Lowe’s vs. Home Depot: hardware stores battle it out

Home Depot and Lowe’s: they have their differences, their similarities, their pros and cons. But above all, they have wood. Wood, sold in every which way possible: cut, uncut, that’s really about it. 

To be completely candid with all our wood fanatics out there, that is not what we’re actually talking about, but it seemed necessary to pay homage to before we dive headfirst into the deep end of the scariest part of adulthood: DIY home decor and improvement. Needless to say, as two non-home owning teenagers, we knew we were the most qualified to examine the differences between Lowe’s and Home Depot. 

 

First up: Lowe’s.

Upon walking into Lowe’s, it was obvious that it was on the cleaner, sleeker side. We began to browse, stumbling upon a pair of clay cowboy boots, which we later found to be a garden accessory. Quickly, we realized that we weren’t actually strong enough to “DIY” carrying them. Maybe we should’ve sprung for strength improvement instead of home improvement.

We needed to get a cart, so we searched for one everywhere to no avail, until after 15 minutes. It was only then that we found, tucked in a tiny crevice near the lumber yard, a glorious group of carts. To clarify, we, a non-biased source, would like to confirm that the elusivity of the carts comes from objectivity, not our incompetence. Play our new game “spot the carts” and see (or rather, don’t) for yourself. 

Next, we decided to ask an associate for a kayak. It was in stock on both Lowes’ and Home Depot’s websites, so we knew it was a fundamental part of the home improvement journey. This was a crucial opportunity for Lowe’s to outshine Home Depot.

Clearly, the employee we asked did not agree. As we hurriedly explained the denotation of “kayak,” he stood staring at us before faux-rowing one, without losing eye contact, for what felt like an hour of uncomfortable silence. He followed this with condescending scoffs of absurdity and told us that Lowe’s doesn’t sell kayaks.

Safe to say, we didn’t ask the associates anything else. We browsed a bit but Lowe’s didn’t have anything worth checking out. The exception was our beloved clay boots. However, this isn’t without some honorable mentions:

  1. The EXTENSIVE bath section 
  2. The lamp section that lit up the store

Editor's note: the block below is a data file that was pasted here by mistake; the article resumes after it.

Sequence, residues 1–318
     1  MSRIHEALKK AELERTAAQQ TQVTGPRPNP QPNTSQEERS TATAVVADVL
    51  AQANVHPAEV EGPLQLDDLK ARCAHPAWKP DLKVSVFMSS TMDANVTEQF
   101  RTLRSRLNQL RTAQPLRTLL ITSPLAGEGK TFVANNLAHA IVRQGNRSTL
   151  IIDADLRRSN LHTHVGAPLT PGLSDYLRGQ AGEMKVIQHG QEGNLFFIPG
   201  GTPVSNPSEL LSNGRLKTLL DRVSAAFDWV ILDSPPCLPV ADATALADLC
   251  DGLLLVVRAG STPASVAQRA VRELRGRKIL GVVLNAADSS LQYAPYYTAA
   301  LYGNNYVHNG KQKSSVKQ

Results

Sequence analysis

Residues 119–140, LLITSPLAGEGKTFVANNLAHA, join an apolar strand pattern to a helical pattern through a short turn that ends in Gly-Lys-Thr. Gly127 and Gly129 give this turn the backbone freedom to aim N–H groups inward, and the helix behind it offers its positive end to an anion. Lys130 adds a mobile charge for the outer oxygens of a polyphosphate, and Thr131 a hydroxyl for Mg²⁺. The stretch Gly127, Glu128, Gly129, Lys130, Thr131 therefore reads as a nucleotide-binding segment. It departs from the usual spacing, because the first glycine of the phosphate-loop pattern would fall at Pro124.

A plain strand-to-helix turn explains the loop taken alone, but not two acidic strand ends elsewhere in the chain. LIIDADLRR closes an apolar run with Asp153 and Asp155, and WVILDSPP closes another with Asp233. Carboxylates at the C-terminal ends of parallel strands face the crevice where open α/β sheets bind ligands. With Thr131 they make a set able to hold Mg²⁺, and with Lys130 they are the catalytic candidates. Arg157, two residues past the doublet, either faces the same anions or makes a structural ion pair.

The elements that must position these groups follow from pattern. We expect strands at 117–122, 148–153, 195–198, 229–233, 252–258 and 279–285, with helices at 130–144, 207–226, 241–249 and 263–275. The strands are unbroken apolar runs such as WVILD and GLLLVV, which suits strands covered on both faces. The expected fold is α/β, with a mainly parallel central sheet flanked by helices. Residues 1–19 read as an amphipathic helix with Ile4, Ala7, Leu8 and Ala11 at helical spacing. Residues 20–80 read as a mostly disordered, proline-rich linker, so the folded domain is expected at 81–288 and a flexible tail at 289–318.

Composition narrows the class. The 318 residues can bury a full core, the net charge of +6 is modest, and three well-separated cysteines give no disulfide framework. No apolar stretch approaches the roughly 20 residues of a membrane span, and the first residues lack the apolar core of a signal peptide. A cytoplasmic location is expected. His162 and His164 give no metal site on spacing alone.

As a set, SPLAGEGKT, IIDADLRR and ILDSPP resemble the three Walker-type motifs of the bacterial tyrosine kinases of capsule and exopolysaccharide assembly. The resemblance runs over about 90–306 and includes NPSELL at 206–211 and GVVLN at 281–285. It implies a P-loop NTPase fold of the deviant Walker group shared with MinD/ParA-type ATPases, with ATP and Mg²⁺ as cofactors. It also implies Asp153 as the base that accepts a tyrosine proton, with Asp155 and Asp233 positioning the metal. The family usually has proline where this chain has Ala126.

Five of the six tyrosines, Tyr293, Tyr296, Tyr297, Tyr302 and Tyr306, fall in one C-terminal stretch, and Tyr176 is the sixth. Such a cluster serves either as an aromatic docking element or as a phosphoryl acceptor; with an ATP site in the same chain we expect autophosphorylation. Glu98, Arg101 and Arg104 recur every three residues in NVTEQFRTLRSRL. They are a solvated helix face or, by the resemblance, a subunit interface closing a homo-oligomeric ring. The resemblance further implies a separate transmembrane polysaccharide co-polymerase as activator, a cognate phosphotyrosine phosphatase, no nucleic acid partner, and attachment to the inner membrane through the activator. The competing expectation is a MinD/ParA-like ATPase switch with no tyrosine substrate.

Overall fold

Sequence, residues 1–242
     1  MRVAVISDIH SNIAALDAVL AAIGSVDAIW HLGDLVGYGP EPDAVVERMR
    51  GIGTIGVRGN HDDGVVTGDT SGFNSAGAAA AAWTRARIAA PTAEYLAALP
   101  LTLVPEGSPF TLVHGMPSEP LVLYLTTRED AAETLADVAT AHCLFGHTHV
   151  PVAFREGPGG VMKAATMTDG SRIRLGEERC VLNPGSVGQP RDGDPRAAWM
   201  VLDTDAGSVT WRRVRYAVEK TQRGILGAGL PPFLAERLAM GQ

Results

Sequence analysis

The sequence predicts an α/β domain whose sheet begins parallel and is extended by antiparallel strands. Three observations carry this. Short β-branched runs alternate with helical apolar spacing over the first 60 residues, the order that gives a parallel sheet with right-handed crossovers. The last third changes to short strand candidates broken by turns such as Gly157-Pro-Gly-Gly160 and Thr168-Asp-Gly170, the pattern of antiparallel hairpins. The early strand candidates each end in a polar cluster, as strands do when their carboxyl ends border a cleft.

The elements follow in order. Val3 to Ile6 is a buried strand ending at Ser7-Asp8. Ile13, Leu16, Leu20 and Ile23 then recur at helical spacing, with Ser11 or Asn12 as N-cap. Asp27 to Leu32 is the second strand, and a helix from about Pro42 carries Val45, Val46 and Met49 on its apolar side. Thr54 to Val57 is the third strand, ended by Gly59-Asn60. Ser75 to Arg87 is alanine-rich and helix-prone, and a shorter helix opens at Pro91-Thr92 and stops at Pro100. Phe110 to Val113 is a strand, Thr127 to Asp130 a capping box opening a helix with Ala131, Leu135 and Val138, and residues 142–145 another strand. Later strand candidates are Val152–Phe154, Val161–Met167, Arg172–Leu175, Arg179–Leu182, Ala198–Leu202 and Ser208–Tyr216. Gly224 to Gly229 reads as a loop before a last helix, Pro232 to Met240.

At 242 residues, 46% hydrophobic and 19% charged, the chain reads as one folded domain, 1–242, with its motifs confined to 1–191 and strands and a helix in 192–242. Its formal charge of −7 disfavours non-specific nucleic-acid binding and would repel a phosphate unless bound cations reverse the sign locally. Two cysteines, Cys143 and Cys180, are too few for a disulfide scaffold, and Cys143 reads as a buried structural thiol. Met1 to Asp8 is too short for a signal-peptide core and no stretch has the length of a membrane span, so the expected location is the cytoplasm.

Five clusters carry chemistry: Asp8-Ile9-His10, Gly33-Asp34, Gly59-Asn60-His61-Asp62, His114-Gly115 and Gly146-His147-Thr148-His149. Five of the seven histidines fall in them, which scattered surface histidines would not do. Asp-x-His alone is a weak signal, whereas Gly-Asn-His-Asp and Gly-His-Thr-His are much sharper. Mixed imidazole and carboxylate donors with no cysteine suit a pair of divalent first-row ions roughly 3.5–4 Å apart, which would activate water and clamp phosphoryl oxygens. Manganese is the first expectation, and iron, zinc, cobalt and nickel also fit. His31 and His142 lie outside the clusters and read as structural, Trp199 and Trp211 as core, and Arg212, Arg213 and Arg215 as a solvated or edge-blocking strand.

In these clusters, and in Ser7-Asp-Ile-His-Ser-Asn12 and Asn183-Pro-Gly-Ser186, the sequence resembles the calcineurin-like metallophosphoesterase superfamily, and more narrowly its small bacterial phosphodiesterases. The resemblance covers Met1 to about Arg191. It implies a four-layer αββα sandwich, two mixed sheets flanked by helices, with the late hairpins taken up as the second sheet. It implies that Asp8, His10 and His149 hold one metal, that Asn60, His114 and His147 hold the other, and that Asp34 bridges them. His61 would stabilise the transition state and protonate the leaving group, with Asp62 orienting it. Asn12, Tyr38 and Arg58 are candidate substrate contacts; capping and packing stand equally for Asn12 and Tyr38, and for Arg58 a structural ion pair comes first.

3. Halloween decorations!

 

Up next, Home Depot

Prior to entering Home Depot, we made a plan to divide and conquer based on the list of extremely specific items that we had found on the Home Depot website. We shamelessly walked up to different associates and asked for items, ranging from basic home improvement necessities like jerky guns, for making jerky on the go, all the way to pots that look like a 70-year-old Harley’s Angel head with feet. We saw these items offered on the website, so before criticizing us for wasting corporate time, we assumed that they, or similar items, would be easily found in store.

When we asked employees where to find these items, they did not respond simply by imitating the torsoless Harley’s Angel, like a certain Lowe’s employee we know would. Instead, they were surprisingly pleasant and tried to aid us as best they could.

We later found that just about all of the items we were looking for were either out of stock or only available online, which was fairly disappointing. We then continued to roam around the store for more items, and our finds were more significant than those of Lowe’s. Among these items, the best was arguably the bug zapper, but the honorable mentions are:

  1. The giant, decorative, fluffy spider
  2. SO MANY COOLERS
  3. Also grills.

 

Now, the verdict.

Without a doubt, there is only one conclusion to take. The true losers of today, were us. We argued about the usage of the word “wasted,” but we definitely wasted over three hours just on going to the stores alone. The fact is, these places just aren’t user-friendly for ordinary people like us, especially ones that lack a home to improve in the first place. 

The true issue here is that we were purposeless, wandering, confused, and so consumed with our own crises to see the bigger picture: Lowe’s doesn’t even have carts. Anyway, if we had to choose one, neither really have any special qualities. We realized that home is where the heart is, and that was where the real improvement was.

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